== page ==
Steps of a Job Search- Step 2: Thinking About Possible Jobs

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Searching for a job can be overwhelming, and it is often hard to know where to start. There are many things you need to do to create a resume and search for a job, but you can break down the process into manageable steps.

Our “Steps of a Job Search” series highlights these steps. As we go through, follow along with Patricia and Nate (our fictitious examples) to see how it works.


Thinking about possible jobs

Now that you have a list of experience, education, skills, and hobbies, it is time to think about where you would like to work, what positions are available, and how you can connect with potential employers.

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Think about where you shop and what you like to do.

  • Is there a store you shop at often enough that the employees know you?
  • Is there a store that specializes in your hobbies?
  • Do you have baseline skills or knowledge employers seek?
  • Do you have contacts you can network with to help with your job search?

Make a list of places you would like to work that might be a good fit for you.

Employers can teach skills, but finding employees who are enthusiastic or knowledgeable about their products or service can be challenging. Capitalize on your passion and demonstrated knowledge to target employers that match your interests.

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Examples: Patricia and Nate


  • Patricia is an avid baker and has a blog where she shares recipes she has tried and what she has baked, which is a good way to demonstrate proof of performance (see Showcasing Communication Skills: Blogger Jessica Niziolek Spreads Disability Awareness and Blog Your Way to a Successful Career). There is a new bakery in town so she begins her list of potential employers with the bakery.
  • Her friend, who works in the public schools, told her there are teaching aide positions opening up for the next school term soon. Patricia adds the elementary schools to her list since she has experience and interest in working with students.
  • Patricia doesn’t drive so she shops in the neighborhood grocery store frequently. The staff know her and seem friendly. She writes down the local grocery store as a place she may want to work.
  • Patricia’s list of hobbies include reading, gardening, volunteering and social work. She has a favorite bookstore she frequents so she adds it to her list.
  • Considering her interest in gardening, she adds all the plant nurseries and gardening centers in town to her list.
  • Finally, there are several non-profits she is interested in so she writes those organizations down as well.


  • Nate is passionate about skateboarding. He adds the skate shop to his list of places he is interested in working.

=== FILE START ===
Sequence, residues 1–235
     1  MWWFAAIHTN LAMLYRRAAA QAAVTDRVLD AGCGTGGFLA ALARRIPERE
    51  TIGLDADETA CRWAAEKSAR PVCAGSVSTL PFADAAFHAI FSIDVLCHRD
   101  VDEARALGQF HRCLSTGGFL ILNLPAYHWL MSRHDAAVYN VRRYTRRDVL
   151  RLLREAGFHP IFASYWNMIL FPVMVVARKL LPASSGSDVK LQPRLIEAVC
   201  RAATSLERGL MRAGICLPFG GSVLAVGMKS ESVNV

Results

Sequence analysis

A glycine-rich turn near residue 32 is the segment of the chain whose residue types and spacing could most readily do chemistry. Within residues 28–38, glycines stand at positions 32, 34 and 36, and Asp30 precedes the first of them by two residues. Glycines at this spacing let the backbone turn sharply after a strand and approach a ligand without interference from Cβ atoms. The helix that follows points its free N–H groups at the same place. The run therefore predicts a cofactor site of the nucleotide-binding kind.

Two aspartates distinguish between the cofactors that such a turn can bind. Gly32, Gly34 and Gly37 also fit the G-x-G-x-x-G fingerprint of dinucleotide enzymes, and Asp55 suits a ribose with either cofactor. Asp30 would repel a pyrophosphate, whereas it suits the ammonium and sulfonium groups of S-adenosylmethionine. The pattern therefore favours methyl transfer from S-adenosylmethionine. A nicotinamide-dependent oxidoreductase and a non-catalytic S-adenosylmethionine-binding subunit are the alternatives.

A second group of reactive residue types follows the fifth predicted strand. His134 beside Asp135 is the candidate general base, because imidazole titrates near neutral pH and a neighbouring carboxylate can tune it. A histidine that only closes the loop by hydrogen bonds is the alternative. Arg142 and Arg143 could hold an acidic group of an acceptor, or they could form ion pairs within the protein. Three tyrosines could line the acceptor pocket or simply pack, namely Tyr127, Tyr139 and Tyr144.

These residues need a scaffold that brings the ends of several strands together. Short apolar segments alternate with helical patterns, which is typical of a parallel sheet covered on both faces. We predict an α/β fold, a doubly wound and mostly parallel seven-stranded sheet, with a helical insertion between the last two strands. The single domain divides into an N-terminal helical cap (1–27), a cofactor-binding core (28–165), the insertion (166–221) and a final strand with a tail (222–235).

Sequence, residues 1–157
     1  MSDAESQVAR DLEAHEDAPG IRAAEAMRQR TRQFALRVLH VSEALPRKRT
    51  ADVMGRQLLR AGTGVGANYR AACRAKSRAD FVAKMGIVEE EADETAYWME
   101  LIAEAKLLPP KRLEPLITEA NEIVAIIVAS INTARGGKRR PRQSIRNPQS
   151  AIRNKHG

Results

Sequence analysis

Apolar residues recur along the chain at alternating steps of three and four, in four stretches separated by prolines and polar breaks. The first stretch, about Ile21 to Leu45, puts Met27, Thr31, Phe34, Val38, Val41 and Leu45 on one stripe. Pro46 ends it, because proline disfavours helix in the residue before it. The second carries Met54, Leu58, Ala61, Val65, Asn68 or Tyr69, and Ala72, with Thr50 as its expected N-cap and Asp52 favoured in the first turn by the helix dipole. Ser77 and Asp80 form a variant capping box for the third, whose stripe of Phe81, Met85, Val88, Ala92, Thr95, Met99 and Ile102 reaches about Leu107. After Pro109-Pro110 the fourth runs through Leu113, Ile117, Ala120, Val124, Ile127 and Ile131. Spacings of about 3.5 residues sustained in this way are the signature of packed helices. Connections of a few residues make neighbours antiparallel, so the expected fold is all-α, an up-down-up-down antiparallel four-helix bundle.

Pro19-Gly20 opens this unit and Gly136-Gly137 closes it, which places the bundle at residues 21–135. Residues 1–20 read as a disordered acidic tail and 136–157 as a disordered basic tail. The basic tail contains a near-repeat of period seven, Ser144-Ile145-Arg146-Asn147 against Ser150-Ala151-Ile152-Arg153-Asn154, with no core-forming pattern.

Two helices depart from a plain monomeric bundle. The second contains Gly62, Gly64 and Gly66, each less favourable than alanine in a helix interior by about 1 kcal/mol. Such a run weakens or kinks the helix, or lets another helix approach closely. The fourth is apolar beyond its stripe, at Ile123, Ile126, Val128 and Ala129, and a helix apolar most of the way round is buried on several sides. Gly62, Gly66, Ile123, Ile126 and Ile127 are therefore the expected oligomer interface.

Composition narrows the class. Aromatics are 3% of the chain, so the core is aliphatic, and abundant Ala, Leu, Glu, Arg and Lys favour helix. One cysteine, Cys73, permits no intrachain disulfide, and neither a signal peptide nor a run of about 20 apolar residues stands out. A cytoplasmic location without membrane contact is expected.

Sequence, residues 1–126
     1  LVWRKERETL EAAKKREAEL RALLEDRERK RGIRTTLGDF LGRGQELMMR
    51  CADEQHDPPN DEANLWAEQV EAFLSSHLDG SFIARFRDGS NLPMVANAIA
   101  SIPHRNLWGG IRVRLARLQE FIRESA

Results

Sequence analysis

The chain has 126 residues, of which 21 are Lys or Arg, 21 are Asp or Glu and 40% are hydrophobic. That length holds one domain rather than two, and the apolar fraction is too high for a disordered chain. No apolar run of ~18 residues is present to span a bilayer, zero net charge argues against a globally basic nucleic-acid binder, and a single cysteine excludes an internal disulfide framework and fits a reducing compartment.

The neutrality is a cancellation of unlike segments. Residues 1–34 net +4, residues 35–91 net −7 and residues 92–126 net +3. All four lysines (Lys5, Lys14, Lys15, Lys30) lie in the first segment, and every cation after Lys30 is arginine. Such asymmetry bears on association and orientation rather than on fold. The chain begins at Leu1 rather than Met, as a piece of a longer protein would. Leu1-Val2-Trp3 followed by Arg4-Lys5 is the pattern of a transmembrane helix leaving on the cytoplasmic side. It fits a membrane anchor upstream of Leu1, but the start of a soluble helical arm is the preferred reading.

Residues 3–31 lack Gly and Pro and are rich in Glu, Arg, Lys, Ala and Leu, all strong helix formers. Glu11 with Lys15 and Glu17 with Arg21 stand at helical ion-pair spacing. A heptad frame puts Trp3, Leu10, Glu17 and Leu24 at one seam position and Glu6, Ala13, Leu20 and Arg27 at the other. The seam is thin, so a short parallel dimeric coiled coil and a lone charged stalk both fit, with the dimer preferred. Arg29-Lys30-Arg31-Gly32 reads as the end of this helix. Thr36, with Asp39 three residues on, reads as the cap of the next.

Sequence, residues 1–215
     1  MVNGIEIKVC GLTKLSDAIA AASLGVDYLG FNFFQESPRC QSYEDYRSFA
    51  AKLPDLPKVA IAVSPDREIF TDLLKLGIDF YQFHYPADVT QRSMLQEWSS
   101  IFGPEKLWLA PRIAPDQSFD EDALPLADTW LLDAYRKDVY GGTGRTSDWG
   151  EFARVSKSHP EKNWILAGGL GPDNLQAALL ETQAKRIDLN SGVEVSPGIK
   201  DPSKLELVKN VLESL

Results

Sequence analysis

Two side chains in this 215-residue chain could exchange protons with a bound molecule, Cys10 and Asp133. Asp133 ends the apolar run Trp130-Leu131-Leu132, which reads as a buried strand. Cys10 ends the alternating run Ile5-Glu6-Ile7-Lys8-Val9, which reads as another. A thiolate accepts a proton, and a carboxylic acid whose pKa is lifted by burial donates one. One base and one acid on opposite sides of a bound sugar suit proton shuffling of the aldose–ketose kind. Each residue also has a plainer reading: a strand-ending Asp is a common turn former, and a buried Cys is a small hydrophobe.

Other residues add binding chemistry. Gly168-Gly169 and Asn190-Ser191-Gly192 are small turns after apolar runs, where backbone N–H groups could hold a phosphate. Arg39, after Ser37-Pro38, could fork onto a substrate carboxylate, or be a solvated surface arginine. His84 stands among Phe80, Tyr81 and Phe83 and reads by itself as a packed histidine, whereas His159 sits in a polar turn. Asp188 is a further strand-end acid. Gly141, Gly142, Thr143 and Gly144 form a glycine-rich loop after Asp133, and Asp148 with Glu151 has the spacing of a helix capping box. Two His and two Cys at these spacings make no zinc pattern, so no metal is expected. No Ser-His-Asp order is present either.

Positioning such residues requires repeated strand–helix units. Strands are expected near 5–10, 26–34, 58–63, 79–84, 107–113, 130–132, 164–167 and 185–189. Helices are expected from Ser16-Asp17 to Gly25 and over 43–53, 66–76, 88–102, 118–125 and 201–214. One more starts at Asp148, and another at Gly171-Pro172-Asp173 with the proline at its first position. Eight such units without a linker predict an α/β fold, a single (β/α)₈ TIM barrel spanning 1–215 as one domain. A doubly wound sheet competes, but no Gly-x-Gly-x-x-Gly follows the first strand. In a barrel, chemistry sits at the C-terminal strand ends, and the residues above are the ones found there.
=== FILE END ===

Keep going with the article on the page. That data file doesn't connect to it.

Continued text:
• Nate is not sure how he can capitalize on his interest in video games, but he plans to keep thinking about that.
  • His mom went to high school with someone who owns a construction company. He adds her construction company to his list.
  • Finally, Nate remembers one of the families he babysat for owns a small hardware store. He adds the hardware store to places he may be interested in working.

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Where are the jobs?

person cutting bread in a comercial kitchenFinding work depends on finding job openings. Spend time learning about the economy and job market where you live. Is there a strong tourism industry that needs employees in hospitality fields? Is construction booming? Is there a new employer in town?

Knowing what jobs are available might spark your interest in a field you hadn’t previously considered.

To get a feel for the job market in your area, use online job boards and job search engines to see what types of jobs are available. You can use these tools to search for jobs based on location, field, and skill. See the Job Boards section on the Active Job Search page for more information.

Make a list of employers you are interested in and would like to connect with.


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Examples: Patricia and Nate


Patricia lives in an area that does not have a big economy or very many new jobs.  However, a call center for a cable company opened several years ago. She had not considered customer phone support as something she was interested in pursuing, but it might be a good fit with her strong communication skills.


During an online job search, Nate learns that a convention center is being built in his town. They have posted several positions with hours dependent on their event schedule. Nate is intrigued and adds the new convention center to his list as somewhere he might want to work.

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Investigate Potential Employers